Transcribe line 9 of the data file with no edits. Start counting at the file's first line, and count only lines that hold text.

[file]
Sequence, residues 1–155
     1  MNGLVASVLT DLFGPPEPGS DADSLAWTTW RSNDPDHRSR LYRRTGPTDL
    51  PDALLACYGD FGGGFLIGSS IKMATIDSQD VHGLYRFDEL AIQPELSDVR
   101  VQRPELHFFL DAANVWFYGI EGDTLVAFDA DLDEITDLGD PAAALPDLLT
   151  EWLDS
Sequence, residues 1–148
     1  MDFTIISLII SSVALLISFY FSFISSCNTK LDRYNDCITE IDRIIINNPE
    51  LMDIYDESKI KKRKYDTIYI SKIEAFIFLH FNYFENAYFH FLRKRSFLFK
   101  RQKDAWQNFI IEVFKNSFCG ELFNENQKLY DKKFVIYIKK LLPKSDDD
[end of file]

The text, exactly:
   101  RQKDAWQNFI IEVFKNSFCG ELFNENQKLY DKKFVIYIKK LLPKSDDD